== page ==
Other painters through history have found a good trick and stuck to it. Russell Flint springs to mind with his oddly coloured spanish ladies in various states of undress. Boucher, Fragonard and Watteau all wonderful draughtsmen but the paintings are in large part insubstantial froth. The orientalists could be consigned wholesale to the potboiler draw and the history painters too. Poussin I never warmed to and find his classical fancies lacking in spirit… Tiepolo however does wonders with more or less the same subject matter. I went through a pretty severe Preraph longtressed maiden period myself, so I know how it happens. If my demure ladies had been well enough done and met with any success maybe I would still be churning them out!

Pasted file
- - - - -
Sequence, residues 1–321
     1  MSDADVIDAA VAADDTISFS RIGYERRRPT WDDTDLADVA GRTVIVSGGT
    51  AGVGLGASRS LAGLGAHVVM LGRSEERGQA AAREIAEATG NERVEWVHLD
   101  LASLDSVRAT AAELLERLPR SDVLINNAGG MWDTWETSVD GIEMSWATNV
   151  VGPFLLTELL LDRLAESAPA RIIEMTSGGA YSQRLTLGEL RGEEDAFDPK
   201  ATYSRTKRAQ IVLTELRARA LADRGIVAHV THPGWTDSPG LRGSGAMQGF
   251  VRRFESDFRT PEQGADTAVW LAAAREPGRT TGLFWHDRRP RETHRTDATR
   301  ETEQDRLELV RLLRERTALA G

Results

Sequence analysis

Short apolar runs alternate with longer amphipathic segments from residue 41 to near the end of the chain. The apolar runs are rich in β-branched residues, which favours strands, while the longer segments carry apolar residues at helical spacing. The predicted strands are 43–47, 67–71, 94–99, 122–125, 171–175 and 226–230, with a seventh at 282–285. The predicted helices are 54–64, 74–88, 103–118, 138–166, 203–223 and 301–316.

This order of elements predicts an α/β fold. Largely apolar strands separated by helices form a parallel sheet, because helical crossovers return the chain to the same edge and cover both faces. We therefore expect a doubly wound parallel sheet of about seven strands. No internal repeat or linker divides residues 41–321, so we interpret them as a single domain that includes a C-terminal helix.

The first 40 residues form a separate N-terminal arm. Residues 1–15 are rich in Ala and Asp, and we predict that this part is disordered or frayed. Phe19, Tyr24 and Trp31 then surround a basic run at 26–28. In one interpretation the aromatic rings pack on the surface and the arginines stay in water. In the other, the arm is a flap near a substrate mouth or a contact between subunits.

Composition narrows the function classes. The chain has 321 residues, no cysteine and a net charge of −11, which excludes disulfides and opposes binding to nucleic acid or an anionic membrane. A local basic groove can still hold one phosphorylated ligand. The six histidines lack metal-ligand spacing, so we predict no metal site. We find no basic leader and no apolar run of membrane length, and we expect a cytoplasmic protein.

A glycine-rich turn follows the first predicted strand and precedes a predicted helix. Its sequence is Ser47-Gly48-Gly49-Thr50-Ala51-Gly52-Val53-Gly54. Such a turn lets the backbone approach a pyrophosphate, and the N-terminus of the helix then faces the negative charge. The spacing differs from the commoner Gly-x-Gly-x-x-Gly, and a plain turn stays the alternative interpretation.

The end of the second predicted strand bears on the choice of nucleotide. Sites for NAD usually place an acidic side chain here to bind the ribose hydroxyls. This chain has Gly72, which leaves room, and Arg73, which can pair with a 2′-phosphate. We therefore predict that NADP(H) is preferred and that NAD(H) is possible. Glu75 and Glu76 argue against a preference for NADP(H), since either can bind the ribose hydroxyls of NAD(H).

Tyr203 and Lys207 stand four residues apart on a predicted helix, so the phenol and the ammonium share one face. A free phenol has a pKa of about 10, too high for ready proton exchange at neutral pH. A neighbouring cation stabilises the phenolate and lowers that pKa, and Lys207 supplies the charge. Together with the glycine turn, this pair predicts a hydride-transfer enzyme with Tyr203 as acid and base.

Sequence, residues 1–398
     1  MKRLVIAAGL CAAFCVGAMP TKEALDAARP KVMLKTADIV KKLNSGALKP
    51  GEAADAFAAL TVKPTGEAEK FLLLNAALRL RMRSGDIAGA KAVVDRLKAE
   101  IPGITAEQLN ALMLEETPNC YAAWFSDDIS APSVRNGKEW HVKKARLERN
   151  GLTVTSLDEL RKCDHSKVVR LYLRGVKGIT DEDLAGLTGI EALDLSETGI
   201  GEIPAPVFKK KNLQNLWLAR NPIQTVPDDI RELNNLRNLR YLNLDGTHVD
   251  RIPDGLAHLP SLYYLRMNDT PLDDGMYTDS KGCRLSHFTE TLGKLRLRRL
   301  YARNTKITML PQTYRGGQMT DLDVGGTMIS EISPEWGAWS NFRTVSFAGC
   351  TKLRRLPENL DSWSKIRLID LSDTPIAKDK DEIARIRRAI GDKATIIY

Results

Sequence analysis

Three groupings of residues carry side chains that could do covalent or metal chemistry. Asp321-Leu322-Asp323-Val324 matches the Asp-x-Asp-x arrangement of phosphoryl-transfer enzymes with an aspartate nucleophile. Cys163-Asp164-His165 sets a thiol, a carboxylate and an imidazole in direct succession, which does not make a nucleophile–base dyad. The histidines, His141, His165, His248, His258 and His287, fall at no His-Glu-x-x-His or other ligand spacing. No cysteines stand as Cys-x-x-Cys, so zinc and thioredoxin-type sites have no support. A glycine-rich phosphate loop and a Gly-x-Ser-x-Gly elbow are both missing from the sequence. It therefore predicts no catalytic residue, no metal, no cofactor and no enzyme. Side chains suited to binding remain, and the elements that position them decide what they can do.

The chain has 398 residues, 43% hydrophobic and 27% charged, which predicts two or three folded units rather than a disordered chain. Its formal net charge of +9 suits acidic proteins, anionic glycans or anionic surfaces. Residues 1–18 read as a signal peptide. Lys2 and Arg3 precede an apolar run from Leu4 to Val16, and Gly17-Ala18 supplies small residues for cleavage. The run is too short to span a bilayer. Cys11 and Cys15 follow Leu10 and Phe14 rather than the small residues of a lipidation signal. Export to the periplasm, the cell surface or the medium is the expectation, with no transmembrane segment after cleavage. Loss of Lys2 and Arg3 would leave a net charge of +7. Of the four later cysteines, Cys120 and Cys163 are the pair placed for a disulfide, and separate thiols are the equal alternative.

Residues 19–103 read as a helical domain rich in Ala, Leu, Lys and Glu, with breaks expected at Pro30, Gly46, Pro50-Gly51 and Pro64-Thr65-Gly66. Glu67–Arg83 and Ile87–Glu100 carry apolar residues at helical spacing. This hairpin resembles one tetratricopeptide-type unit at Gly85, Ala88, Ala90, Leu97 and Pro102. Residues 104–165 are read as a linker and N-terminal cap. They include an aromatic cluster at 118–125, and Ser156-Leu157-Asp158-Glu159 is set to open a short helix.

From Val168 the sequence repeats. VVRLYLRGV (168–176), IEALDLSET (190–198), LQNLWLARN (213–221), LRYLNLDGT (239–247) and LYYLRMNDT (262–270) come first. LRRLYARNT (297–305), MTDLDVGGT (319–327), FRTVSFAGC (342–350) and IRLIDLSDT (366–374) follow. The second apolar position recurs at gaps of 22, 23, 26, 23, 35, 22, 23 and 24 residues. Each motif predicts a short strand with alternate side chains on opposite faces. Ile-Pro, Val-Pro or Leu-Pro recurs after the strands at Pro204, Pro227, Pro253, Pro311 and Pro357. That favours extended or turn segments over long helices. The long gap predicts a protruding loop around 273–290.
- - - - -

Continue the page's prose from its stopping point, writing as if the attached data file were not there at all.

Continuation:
There was a quite interesting program with Graham Dixon about the Dutch and Flemish painters. He is relentlessly on message in art historical terms with the history of painting seen as a neat progression of breakthroughs leading to the holy grail of abstraction. One interesting thing he passed over very briefly was the way the Dutch art market was organised. Artists were organised into guilds and paintings were organised into a hierarchy. Of first importance was history painting, followed by portraits, scenes of everyday life or genre, then landscape with still life at the bottom of pile. There was a apparently thriving market with people collecting works avidly, not just the rich but up and down the social scale. There is not a lot written about it but there seems to have been an economic bubble with prices rising and then crashing due to the sheer number of works painted. I read that at the end a completed canvas was worth less than a blank fresh one. Rembrandt and Vermeer owed their later poverty to this calamity it seems.